Mason Lee died from his injuries in 2016.
Mason Lee died from his injuries in 2016.

Mother’s guilty plea over Mason Lee’s death

THE mother of slain Queensland toddler Mason Jet Lee tried to blame the Department of Child Services for her own "gross negligence" in failing to acknowledge her toddler's injuries despite strangers noticing how ill he looked in the days before his death.

Caboolture mother Anne Maree Lee pleaded guilty in a Brisbane court today to killing the 22-month-old in 2016.

Lee sobbed during the arraignment in Brisbane Supreme Court this morning as she pleaded guilty to manslaughter and child cruelty.

Mason Lee died from his injuries in 2016.
Mason Lee died from his injuries in 2016.

Little Mason died a "slow and painful" death in June 2016 after Lee's boyfriend struck the boy so hard that his intestines ruptured.

Lee is accused of failing to get medical attention for Mason whose body slowly shut down in the days after William Andrew O'Sullivan punched him in the stomach.

"Medical opinion is it would have been obvious that he was very sick and in urgent need of medical attention," Prosecutor Michael Byrne told the court.

She has also pleaded guilty to child cruelty relating to claims she did not get the boy help for a fractured tibia and severe perianal injuries earlier that year.

Lee has spent much of the sentencing hearing audibly crying and putting her head in her hands.

Mr Byrne said in the months before his death, Mason was hospitalised with cellulitis and severe perianal injuries which she lied to doctors about, claiming it was nappy rash.

The prosecutor said the anal injuries were the worst the paediatrician had seen in his 40 years on the job and resembled a burn injury.

"It is in my respectful submission it is impossible to accept that a 22-month-old child who had suffered three fissures (tears) at 4mm depth to the anal skin ... would not have been displaying signs of that and nothing had been done about that," Mr Byrne said.

"To give some idea in my submission of how the child was feeling, which must have been obvious to others... at the time of his admission (to hospital) the pain was so severe he required a narcotic infusion."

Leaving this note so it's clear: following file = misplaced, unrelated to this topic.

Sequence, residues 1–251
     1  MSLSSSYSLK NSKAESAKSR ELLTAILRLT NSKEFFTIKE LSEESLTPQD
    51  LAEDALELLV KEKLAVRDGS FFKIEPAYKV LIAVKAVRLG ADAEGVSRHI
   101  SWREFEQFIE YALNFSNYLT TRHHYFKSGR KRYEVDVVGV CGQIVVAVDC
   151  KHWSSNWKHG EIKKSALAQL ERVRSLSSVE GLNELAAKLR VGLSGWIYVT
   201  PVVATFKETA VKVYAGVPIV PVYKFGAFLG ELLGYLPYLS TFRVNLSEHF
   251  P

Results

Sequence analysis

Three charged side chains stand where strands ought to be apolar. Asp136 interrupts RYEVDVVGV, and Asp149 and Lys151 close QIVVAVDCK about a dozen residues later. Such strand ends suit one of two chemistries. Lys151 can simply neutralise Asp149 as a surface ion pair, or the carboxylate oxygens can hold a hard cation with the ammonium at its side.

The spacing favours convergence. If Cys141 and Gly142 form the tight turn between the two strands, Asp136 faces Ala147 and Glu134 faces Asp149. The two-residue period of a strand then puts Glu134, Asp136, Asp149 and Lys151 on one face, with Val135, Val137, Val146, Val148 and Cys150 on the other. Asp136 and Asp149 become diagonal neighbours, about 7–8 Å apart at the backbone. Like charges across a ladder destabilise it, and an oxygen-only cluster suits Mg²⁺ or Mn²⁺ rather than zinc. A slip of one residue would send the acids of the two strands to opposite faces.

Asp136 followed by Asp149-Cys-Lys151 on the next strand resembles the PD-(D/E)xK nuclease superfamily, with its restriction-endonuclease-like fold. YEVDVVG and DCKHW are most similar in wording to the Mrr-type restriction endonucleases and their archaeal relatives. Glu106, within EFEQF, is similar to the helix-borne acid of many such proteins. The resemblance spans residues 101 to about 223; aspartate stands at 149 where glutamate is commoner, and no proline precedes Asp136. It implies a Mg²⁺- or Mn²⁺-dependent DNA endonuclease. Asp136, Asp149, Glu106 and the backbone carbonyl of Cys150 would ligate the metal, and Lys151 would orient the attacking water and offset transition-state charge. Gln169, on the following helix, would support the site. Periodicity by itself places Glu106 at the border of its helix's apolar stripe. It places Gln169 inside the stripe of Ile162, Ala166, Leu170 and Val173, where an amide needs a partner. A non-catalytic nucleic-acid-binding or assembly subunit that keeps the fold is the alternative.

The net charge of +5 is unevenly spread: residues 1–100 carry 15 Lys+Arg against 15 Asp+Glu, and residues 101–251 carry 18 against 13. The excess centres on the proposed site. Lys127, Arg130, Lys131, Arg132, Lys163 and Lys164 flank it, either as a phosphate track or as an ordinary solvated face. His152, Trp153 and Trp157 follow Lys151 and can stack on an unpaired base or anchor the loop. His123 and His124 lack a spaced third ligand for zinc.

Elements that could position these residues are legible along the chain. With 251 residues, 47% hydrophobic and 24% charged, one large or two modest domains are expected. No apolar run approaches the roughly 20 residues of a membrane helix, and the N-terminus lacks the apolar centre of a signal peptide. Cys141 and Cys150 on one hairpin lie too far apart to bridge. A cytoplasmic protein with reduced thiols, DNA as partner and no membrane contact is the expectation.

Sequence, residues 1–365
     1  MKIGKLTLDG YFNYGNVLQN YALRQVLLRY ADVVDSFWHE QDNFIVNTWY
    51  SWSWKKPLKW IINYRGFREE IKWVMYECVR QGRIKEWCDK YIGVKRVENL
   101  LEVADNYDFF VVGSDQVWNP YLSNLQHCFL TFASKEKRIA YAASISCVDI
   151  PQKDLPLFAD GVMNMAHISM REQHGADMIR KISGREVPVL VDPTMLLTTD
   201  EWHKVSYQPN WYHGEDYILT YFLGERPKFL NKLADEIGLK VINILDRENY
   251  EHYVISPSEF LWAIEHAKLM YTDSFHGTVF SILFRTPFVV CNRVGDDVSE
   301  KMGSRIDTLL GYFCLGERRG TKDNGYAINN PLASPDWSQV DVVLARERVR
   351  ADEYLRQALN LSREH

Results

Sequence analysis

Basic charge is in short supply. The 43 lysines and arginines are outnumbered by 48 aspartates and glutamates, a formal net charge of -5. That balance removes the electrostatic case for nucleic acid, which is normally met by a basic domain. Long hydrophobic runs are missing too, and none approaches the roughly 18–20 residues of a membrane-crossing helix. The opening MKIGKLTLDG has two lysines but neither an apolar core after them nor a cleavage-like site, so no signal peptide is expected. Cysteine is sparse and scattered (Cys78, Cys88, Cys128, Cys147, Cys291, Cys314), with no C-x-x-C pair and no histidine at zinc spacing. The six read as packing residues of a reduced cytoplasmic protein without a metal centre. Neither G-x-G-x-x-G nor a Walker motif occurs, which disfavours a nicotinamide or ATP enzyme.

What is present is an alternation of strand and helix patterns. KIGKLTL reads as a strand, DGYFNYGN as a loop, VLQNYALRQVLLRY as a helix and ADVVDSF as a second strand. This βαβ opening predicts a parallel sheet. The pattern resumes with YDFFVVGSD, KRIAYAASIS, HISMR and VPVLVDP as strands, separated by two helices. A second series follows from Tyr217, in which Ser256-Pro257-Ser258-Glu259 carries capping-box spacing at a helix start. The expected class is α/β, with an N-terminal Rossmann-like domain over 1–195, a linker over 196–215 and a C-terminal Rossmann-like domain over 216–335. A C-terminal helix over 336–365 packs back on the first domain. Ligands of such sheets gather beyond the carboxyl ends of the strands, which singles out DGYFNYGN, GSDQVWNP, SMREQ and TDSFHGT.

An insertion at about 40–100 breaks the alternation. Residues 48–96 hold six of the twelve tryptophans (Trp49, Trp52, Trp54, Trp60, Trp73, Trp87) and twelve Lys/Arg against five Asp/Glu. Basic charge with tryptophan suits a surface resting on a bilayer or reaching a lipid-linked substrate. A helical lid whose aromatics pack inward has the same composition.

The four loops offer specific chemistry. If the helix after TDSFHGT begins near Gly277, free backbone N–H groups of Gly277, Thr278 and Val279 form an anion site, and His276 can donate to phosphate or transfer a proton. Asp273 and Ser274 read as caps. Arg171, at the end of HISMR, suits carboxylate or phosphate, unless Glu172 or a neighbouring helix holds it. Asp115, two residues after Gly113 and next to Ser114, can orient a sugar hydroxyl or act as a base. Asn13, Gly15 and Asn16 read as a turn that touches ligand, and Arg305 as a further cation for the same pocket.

Lee claimed Mason was "too active" for her to change so she left the job to O'Sullivan.

Mr Byrne said despite being warned by a doctor on January 17 that Mason appeared to have a fractured leg, Lee ignored advice to take the boy to the hospital.

Weeks later on February 12, she told a home doctor she was unaware of the leg injury.

The court heard an autopsy revealed Mason had traces of methamphetamine in his system when he died and was covered in bruises caused by "moderate to severe force".

Mr Byrne said the "apathy and neglect" shown by Lee had contributed to the toddler's tragic death.

He said "many" bloodstained nappies were found in the home by investigators.

"It can not have gone unnoticed to her that Mason was unwell," the prosecutor said.

The court heard after Mason died, Lee sought to blame the Department of Child Services for the boy's death, telling police: "If the department had done their job properly, none of this would have happened."

Mr Byrne said Lee's behaviour was a "very very large and very gross" departure from community expectations.

"Children of our community are precious, they have to be protected and especially so by their parents," he said.

"It's not just a case of inattention, it is gross negligence."

Mr Byrne said even strangers who saw Mason in the days before his death noted how ill the boy looked but his own mother claimed to have no knowledge of his injuries.

"This isn't mere inattention this is part of ongoing apathy and neglect," he said.

Mr Byrne said Mason's "tender age" was a "highly aggravating" feature of the case and that his serious injuries would have been survivable if the "one person" charged with protecting him had sought help for the "vulnerable and defenceless" little boy.

"He was incapable of surviving the ordeal he found himself in," he said.

"This child had a wretched existence in those last few days.

"It's not just a case of inattention, it is gross negligence."

"This was not a momentary or short-term failure to act or a single decision to not do anything in the best interest of the child."

The sentencing continues.



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